The international advocacy group Reporters Without Borders opined the bill went too far, and failed to account for "respect for people’s private lives and the presumption of innocence".[45] Federal deputy privacy commissioner Chantal Bernier argued the proposed powers are too broad: "As the legislation is written now, it could impact any law-abiding Canadian citizen."[46]

Media outlets had largely panned the bill's proposals; the National Post derided the bill as "an electronic prisoner's bracelet on every Canadian",[2] columnist Ivor Tossell of The Globe and Mail said it presented "real dangers",[47] and the Toronto Star argued that it was the "most grotesque intrusion into our lives".[48]

The University of Ottawa's Michael Geist said the legislation intended to build "an extensive online surveillance infrastructure".[46] Meanwhile, Ann Cavoukian, the Ontario Privacy Commissioner warned that the collected information would be a "gold mine" for potential hackers.[49] All of the nation's privacy commissioners issued a joint statement condemning the bill.[50] Liberal MP Sean Casey satirically asked Toews and Nicholson to openly divulge their own web surfing histories.[51]

Surveys conducted in February 2012 showed that between 53 and 66% of Canadians opposed the bill being passed.[52][53]

Similar legislation in other countries[edit]

Government officials claimed that similar legislation has been introduced in several other countries already, including the United States, Great Britain and Australia.[32] However, critics have said that other countries should serve as a warning to Canada, noting the many errors and broad overreach of their legislation, with police requesting the private information for mundane tasks such as determining school district eligibility.[11][54]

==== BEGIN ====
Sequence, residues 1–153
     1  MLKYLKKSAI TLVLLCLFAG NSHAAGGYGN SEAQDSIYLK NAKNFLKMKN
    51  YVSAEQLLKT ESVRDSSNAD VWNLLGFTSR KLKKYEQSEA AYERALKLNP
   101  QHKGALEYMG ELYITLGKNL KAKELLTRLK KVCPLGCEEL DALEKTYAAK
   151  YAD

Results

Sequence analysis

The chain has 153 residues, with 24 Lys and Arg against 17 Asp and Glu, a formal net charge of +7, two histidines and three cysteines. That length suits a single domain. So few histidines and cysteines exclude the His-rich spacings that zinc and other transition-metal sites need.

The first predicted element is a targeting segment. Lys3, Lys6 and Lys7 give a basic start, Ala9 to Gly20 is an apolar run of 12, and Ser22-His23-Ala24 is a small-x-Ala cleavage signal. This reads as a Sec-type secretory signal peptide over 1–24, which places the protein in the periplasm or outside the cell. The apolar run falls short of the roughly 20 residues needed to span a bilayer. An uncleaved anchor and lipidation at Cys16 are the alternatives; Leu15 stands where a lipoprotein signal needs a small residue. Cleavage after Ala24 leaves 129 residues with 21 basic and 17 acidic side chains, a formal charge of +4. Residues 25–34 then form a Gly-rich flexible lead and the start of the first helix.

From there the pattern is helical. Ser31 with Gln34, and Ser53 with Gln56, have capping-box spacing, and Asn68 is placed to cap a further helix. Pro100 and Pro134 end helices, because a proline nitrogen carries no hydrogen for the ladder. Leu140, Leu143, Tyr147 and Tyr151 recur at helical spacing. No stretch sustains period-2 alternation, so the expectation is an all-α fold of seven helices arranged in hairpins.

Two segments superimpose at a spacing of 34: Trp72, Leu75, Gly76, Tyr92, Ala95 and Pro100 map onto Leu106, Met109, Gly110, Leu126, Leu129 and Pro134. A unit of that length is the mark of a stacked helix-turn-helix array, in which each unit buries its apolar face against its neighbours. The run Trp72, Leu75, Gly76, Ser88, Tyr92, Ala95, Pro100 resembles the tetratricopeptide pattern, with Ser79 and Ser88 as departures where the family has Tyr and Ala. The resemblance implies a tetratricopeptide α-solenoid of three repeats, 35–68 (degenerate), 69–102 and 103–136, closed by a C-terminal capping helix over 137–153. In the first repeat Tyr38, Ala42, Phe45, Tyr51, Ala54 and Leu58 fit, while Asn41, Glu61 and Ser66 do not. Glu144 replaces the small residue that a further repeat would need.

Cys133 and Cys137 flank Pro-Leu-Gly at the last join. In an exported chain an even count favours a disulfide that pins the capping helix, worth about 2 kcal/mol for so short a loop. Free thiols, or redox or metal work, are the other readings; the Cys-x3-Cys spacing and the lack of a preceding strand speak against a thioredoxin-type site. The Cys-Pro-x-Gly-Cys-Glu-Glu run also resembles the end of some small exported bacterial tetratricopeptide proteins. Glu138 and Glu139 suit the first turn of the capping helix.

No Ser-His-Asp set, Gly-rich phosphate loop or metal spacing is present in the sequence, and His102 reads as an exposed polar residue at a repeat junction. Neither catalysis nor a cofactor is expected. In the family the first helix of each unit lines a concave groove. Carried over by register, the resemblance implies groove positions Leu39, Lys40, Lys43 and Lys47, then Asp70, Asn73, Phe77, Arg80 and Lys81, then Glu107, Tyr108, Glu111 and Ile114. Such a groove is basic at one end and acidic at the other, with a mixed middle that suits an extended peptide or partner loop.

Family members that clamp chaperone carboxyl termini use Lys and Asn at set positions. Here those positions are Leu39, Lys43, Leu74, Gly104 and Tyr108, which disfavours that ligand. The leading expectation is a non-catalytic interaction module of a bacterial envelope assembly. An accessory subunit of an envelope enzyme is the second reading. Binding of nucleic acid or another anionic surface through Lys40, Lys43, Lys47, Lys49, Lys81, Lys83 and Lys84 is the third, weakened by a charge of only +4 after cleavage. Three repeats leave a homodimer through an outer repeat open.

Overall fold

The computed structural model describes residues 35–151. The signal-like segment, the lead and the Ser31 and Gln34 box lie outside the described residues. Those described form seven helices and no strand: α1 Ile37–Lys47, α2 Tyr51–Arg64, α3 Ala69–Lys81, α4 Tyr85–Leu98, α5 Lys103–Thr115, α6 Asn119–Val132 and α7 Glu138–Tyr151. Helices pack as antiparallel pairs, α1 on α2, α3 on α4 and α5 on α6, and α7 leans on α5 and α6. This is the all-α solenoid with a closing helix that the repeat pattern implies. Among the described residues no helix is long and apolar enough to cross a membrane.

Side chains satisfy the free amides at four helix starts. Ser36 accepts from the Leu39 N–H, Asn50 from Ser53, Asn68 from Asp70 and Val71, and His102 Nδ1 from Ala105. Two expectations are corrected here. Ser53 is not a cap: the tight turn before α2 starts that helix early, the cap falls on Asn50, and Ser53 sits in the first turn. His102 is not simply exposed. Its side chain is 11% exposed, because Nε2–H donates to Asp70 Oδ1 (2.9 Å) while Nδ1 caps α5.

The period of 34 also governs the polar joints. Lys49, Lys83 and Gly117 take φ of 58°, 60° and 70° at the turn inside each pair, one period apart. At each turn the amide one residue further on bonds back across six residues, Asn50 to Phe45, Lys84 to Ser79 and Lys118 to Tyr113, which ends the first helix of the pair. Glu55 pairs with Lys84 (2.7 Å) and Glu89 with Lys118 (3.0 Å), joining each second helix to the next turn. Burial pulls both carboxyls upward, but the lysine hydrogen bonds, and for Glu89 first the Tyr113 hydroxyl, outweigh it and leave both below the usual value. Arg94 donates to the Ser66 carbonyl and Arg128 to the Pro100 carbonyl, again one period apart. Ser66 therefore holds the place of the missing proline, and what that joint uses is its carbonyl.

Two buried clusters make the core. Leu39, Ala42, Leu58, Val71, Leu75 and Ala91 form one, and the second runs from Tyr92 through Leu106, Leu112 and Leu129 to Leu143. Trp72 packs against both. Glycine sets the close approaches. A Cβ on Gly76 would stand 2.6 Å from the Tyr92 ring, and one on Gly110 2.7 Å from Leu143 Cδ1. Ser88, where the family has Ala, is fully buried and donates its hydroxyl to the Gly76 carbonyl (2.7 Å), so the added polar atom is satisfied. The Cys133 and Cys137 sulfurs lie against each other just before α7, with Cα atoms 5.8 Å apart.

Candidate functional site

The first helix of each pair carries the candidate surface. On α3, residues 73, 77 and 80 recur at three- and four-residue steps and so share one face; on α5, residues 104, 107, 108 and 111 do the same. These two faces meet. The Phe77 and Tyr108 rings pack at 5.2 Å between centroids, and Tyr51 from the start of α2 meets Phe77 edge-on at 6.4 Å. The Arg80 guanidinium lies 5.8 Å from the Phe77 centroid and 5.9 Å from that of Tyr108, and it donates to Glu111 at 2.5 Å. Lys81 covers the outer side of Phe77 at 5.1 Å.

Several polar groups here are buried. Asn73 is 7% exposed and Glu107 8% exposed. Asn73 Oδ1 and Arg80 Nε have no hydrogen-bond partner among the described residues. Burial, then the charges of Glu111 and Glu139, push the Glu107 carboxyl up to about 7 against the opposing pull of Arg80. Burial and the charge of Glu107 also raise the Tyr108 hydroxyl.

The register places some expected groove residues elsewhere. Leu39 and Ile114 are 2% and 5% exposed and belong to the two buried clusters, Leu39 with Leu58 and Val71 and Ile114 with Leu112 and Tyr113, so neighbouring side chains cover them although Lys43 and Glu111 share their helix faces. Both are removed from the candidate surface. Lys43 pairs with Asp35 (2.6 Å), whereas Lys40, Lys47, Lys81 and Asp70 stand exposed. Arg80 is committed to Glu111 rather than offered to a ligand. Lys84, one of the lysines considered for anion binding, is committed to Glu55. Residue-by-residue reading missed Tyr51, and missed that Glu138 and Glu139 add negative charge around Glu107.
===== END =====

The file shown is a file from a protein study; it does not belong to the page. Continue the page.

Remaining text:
Similar legislation has been drafted in the Philippines despite being met with up to eight petitions filed with the highest court in the Philippines questioning the constitutionality of the legislation. The Filipino legislation is intended, like the Canadian bill, to prevent cybersex, online child pornography, identity theft, and spamming. However, in addition to these crimes, the Filipino bill also makes libel a cybercrime punishable by up to twelve years. It is generally this last issue that has privacy and right’s groups concerned over the legislation. “It violates Filipinos' rights to free expression and it is wholly incompatible with the Philippine government's obligations under international law,” said Brad Adams, Asia director of US-based Human Rights Watch.[55]